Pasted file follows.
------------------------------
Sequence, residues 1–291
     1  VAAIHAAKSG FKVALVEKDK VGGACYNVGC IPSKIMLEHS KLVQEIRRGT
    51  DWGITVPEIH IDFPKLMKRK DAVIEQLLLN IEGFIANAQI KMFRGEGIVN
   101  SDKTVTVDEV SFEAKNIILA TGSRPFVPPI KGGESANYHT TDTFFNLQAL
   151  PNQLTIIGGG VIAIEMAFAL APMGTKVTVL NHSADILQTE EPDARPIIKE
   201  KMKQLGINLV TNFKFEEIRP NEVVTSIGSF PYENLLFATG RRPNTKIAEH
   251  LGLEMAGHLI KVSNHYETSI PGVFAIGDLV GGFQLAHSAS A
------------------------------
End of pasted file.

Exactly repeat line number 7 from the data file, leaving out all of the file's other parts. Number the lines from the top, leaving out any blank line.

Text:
   251  LGLEMAGHLI KVSNHYETSI PGVFAIGDLV GGFQLAHSAS A